|Owned by:||The Scargill Movement|
Scargill House stands three-quarters of a mile south of the village of Kettlewell and four miles from Grassington. The nearest market town, Skipton, is 14 miles away. The house dates from the eighteenth century and is built of stone, rendered and colour-washed, under a stone flag roof. The chapel was built in 1960 and is itself Grade II*-listed.
The woodland at Scargill is accredited by the Forest Stewardship Council as a highly important conservation site.
The house was built as a farmhouse in the late nineteenth century, and early photographs show a modest house.
In 1900, Clement Holdsworth bought Scargill House from John Overend Wood as a residence from which he shot grouse on Conistone Moor and fished for trout on the River Wharfe. Over the ensuing decades the house was improved and extended to turn it into a fine country house with a grand estate. It remained in the Holdsworth family for almost 57 years until William Holdsworth sold the house and estate at auction to the Church of England in November 1957.
The estate was described in the auction catalogue as an exceptional residential, agricultural and sporting property extending to 1,050 acres, which included:
- two stock farms each of about 500 acres;
- about 70 acres park and afforestation land;
- properties in nearby Kettlewell;
- over a mile of trout fishing in the River Wharfe;
- shooting rights over 3,000 acres of Conistone Moor;
- the right to Pew Sittings in the Parish Church of Kettlewell and share in the Lordship.
The catalogue claimed that the invigorating air and the completely unspoilt grandeur of the surroundings make the Property a most attractive and healthy resort; and that the grounds of the house included a tree-lined drive, stone-pillared and wrought iron entrance, lawns and an ornamental water garden.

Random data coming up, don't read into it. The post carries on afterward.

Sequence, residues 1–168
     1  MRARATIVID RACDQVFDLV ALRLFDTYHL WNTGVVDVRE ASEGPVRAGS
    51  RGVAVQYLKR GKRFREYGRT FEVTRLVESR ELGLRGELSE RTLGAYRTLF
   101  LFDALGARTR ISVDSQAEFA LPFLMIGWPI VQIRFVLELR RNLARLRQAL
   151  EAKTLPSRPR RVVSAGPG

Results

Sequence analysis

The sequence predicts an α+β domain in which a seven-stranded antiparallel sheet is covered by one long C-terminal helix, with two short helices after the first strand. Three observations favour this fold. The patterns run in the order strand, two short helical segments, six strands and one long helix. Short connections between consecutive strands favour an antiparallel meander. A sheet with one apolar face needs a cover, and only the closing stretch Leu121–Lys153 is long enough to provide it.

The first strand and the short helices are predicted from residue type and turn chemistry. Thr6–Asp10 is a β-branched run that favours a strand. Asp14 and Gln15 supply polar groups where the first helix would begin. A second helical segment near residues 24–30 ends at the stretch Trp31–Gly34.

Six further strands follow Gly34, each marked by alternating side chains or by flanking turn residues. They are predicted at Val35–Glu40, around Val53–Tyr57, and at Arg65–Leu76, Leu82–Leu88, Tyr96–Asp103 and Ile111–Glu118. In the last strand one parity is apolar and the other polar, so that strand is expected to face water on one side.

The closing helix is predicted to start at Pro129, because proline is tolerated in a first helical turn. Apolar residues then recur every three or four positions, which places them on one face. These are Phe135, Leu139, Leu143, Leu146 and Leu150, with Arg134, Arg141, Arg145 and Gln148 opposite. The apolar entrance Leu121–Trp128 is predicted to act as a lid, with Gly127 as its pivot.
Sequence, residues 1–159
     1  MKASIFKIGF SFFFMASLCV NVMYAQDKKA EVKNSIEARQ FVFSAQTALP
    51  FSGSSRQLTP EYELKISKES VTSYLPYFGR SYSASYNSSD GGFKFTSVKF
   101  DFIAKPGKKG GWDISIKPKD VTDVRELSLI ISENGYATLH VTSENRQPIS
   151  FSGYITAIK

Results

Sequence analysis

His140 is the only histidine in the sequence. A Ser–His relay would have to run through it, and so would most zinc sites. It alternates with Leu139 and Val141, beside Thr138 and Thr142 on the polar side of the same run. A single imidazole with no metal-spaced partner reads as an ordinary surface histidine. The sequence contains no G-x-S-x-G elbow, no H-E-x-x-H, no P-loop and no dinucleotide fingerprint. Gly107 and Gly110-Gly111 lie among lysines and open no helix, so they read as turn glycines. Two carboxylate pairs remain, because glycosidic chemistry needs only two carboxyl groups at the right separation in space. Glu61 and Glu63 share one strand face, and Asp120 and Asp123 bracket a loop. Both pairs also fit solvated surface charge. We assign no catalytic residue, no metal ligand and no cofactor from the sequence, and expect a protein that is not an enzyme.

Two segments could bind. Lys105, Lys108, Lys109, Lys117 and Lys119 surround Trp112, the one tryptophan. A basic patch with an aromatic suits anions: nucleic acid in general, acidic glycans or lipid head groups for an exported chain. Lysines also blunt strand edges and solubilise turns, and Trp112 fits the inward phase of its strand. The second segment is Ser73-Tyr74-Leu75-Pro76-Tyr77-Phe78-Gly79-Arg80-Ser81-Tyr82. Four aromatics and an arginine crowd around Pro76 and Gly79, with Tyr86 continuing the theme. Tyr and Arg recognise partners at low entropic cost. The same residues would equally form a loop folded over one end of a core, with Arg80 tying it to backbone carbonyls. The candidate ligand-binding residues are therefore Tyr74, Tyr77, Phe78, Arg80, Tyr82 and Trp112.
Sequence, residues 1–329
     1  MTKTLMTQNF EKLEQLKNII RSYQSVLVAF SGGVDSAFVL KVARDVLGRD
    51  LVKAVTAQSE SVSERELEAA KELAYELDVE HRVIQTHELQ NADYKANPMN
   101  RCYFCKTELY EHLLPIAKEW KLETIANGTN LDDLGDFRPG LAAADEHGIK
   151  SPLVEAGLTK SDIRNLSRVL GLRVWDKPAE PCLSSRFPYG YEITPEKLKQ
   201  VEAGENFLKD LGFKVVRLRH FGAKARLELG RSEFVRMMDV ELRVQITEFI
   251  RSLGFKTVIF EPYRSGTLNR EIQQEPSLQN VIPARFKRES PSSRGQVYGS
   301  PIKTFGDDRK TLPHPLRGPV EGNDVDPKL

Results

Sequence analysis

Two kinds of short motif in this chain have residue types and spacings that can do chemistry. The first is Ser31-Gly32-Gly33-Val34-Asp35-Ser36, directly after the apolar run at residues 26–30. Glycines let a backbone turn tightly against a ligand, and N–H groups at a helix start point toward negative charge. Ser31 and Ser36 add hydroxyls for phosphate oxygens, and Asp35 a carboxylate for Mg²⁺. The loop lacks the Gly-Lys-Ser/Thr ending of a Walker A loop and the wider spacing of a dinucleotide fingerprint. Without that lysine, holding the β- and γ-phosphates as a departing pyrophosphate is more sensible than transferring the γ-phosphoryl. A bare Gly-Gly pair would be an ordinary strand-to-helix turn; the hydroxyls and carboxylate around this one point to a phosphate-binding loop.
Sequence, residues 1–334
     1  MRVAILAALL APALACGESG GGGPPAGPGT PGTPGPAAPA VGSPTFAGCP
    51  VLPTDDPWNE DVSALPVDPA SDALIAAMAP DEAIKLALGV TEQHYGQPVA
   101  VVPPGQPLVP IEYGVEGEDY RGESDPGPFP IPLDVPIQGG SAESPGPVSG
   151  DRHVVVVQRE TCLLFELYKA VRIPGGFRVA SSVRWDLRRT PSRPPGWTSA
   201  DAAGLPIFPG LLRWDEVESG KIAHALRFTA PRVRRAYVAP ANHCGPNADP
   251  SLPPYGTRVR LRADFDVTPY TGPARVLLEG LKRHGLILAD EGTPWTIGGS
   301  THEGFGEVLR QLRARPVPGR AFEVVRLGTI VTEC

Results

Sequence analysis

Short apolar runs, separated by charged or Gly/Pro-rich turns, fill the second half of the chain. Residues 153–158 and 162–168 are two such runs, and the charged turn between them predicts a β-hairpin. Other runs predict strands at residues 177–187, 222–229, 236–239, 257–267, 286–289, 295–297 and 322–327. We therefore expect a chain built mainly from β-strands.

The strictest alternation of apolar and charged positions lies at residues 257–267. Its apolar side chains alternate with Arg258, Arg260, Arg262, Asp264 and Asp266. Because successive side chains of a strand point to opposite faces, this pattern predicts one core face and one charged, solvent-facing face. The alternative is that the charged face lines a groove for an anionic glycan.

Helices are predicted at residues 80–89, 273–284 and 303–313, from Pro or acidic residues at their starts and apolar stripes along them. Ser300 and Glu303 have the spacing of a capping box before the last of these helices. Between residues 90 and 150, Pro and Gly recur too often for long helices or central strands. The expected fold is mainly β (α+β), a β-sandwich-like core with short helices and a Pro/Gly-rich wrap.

Christian community and conference centre
Scargill was sold to the Church of England for the establishment of a Christian Community in 1957 after William Holdsworth had decided to live on his Irish estate at Bellinter House. In 1959 Scargill became a centre for conferences and events specialising in multi-faith, youth and environmental issues.
Since then, it has been largely reconstructed and extended to cater for the many groups that use its facilities. In 1960, a chapel was built by George Pace of York in a Scandinavian style reflecting the location's history, and is now listed.
In 2008, it was announced that the centre would be closing on 20 July 2008 due to financial difficulties, and profits from the sale of the estate would be used to set up a foundation. It was put on the market for £2.5 million.
It was sold in March 2009 to a newly formed registered charity called the Scargill Movement, who are committed to continuing and developing Scargill House in continuation of its original vision, ministry and mission as a “Lee Abbey of the North”. It will continue as a Christian centre run by a resident community, providing “a resource for the Church, providing a safe place for individuals and groups to meet with God and one another.” The sale price of £1,295,000 was made possible by an individual donation plus a one-year loan from the Lee Abbey Movement.
- The Scargill Movement
- Holdsworth, David W.: History of Scargill House, Kettlewell - Holdsworth family and business - Cyclopaedia & History (2009)
- 'Burford and Scargill on the market' - The Church Times, 11 July 2008
- 'Dales Retreat to Close': Clive White in The Craven Herald & Pioneer, June 2008
- 'Celebrations at Scargill House' - The Craven Herald & Pioneer, 2 April 2009